Definition of forestall verb from the Oxford Advanced Learner's Dictionary

 

forestall

 verb
verb
BrE BrE//fɔːˈstɔːl//
 
; NAmE NAmE//fɔːrˈstɔːl//
 
Verb Forms present simple I / you / we / they forestall
BrE BrE//fɔːˈstɔːl//
 
; NAmE NAmE//fɔːrˈstɔːl//
 
he / she / it forestalls
BrE BrE//fɔːˈstɔːlz//
 
; NAmE NAmE//fɔːrˈstɔːlz//
 
past simple forestalled
BrE BrE//fɔːˈstɔːld//
 
; NAmE NAmE//fɔːrˈstɔːld//
 
past participle forestalled
BrE BrE//fɔːˈstɔːld//
 
; NAmE NAmE//fɔːrˈstɔːld//
 
-ing form forestalling
BrE BrE//fɔːˈstɔːlɪŋ//
 
; NAmE NAmE//fɔːrˈstɔːlɪŋ//
 
 
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forestall something/somebody (formal) to prevent something from happening or somebody from doing something by doing something first Try to anticipate what your child will do and forestall problems. Any plans for a peaceful settlement were forestalled by the intervention of the army. Word Origin Old English foresteall ‘an ambush’ (see fore- and stall). As a verb the earliest sense (Middle English) was ‘intercept and buy up goods before they reach the market, so as to raise the price’ (formerly an offence).Extra examples They have tried to forestall criticism by keeping people fully informed of what they are doing. He opened his mouth to speak but Richard pre-empted/​forestalled him. Let me start with a couple of explanations to forestall any possible misunderstandings. This statement was seen as an attempt to forestall criticism. Try to anticipate what your child will do in order to forestall problems. to pre-empt/​forestall problems/​questions/​criticism/​discussion/​plans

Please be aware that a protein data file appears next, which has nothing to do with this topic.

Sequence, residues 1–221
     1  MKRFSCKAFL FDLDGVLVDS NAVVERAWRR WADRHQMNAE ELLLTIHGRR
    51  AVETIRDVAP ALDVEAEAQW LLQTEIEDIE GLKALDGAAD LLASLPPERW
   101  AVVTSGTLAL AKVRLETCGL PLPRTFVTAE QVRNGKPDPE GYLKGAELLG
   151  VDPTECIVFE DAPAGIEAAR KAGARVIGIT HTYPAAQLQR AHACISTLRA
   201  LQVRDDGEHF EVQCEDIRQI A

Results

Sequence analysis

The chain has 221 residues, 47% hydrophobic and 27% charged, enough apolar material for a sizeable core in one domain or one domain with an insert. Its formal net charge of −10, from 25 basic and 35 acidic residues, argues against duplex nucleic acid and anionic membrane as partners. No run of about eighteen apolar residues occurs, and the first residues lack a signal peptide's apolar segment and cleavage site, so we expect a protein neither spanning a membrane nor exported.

See the Oxford Advanced American Dictionary entry: forestall